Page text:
After the announcement of the UK government’s Digital by Default Service Standard, it could have been concluded that the public sector was facing its greatest challenge of a generation. In the years since, the pressure has only increased and the subsequent challenges have been vigorously felt.
As technology evolves so do consumer expectations, forcing public-facing organisations of all kinds to adapt. Citizens, clients and customers alike demand access to services without barriers or friction. They expect their digital journeys to be quick, simple and personal.
In its bid to transform pubic digital services by 2020, the government is making a concerted effort to move public services online. Progress has been made, but it has come at a substantial cost. Efforts so far have used a tremendous amount of resources to hard-code, customise and deploy software.
>See also: Digital transformation in the public sector
As a result, an army of developers has been overwhelmed with demands. And, a global shortage of developers means that the odds of finding more developers to help increase with each passing day.
One of the biggest tasks is moving paper-based forms online. Recent research shows that moving 100 of these forms online by means of traditional methods would take 230 years and cost a staggering £150,000,000. Not to mention that traditional hard-coding methods make it impossible to alter digital services without having to go back to the original developers.
It is clear, therefore, that these methods are not sustainable, and current strategies of using developer-only teams will not meet the government’s objectives. So, how will public sector organisations move services online? With low-code, easy-to-use platforms that can build digital services comprised of eforms, automated workflow and backend integration.
Getting to know low-code
Traditionally, when organisations want to develop an application to meet their specific requirements, they rely on developers, who, as I’ve mentioned, can become quickly overwhelmed and are often in short supply. This “high-code” route often leads to untenable project lead times, particularly when there are several applications in development at the same time.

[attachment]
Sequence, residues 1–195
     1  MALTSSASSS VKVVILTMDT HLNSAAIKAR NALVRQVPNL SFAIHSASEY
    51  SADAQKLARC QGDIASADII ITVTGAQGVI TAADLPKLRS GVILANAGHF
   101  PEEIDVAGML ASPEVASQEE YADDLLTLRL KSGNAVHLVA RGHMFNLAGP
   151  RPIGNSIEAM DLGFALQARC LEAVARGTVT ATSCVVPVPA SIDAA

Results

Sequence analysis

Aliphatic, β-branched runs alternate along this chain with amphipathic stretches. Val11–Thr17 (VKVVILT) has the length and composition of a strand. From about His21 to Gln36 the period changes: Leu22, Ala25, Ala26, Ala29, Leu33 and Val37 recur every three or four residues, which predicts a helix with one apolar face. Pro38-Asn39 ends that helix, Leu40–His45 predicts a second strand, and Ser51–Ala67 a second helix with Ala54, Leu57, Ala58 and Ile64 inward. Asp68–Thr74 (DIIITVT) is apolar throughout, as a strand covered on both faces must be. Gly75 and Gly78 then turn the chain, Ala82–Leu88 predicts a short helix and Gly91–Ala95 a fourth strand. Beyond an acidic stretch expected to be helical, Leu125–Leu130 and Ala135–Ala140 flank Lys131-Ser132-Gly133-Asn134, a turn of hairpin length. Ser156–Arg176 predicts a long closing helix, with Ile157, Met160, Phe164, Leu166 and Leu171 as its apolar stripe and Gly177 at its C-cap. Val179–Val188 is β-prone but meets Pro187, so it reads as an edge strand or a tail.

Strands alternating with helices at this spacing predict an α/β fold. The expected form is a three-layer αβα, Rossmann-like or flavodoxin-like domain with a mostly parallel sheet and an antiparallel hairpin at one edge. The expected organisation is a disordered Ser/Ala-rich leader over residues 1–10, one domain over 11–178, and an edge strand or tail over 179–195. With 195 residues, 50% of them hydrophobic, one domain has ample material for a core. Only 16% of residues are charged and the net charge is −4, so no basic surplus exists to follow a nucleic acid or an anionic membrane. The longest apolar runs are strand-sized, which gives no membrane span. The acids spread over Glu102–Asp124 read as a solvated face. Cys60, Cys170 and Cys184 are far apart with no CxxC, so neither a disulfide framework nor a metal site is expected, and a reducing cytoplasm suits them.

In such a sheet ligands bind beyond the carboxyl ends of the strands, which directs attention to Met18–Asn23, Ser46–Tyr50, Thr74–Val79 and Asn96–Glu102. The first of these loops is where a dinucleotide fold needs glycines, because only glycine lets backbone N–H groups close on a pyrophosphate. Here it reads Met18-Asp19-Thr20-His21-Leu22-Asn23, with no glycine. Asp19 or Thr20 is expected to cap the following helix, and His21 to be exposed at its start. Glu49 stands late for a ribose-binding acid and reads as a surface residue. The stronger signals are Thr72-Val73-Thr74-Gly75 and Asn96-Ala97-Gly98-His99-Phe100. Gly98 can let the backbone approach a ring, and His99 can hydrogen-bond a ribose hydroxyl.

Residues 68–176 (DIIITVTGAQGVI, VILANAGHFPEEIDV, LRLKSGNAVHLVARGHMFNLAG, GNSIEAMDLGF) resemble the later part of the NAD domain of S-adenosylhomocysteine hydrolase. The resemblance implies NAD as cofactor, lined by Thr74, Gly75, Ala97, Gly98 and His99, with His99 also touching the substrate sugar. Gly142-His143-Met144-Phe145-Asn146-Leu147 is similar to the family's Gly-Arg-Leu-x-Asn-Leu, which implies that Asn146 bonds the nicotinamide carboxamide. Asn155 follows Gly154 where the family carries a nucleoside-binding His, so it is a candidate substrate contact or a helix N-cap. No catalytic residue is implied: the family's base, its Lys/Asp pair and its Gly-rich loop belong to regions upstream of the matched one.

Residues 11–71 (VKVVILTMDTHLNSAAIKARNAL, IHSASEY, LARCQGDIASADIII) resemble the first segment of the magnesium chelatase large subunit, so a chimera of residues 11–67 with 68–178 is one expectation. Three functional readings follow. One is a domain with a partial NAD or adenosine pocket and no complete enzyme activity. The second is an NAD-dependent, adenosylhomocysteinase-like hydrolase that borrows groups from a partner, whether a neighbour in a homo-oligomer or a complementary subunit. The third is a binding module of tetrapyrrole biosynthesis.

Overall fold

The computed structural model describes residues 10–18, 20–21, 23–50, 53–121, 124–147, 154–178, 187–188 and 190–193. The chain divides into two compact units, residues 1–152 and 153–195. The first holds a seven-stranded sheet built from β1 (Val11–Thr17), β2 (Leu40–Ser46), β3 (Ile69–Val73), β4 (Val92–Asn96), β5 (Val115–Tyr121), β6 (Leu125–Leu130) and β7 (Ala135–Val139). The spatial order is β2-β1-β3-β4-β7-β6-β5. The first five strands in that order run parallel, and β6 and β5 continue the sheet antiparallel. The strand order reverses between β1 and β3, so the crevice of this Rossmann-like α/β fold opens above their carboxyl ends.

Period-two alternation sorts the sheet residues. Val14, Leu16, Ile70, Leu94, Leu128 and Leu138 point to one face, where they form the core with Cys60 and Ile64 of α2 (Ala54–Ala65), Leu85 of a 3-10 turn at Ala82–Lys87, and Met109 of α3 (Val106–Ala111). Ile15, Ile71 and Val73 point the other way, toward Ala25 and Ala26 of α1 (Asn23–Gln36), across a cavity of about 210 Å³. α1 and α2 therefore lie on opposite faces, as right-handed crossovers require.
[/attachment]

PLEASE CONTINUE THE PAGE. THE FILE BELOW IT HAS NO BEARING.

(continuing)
Consequently, the IT team, through no fault of its own, becomes a bottleneck. The alternative option – to hire in an external consultant – is very expensive, which could mean scrapping key projects.
A low-code platform eliminates these problems. It enables rapid application development and delivery with minimal hand-coding. Drag-and-drop editors with visual development tools eliminate the need for most traditional manual coding.
The real advantage is that non-technical staff, such as business analysts working closely with end users, can become power users, designing and developing the core aspects of applications. Meanwhile, your technical team can implement custom backend integration or complex business logic.
Benefits of low-code
A low-code platform offers government and public-sector organisations a route to accelerate the release of digital government tools such as e-forms and workflow automation. The employees who know the business better than anyone can develop applications that meet their precise needs, while the IT workforce becomes a powerful enabler.
These non-technical team members become highly productive enablers of digital transformation, ensuring the applications are fit for purpose because the people who know the processes inside out designed them. The technology can be personalised to ensure branding.
>See also: The UK Government’s Transformation Strategy
Rather than taking responsibilities away from the IT staff, low-code platforms enable them to create more online services and delegate tasks to employees that live and breathe the services.
So, as public sector organisations strive to become entirely digitised within the next four years, it is clear that adopting a low-code approach can save time and costs. More importantly, it can ensure that all creative minds in an organisation are working together to accelerate digital transformation.
Sourced by Nick Pike, VP UK & Ireland, OutSystems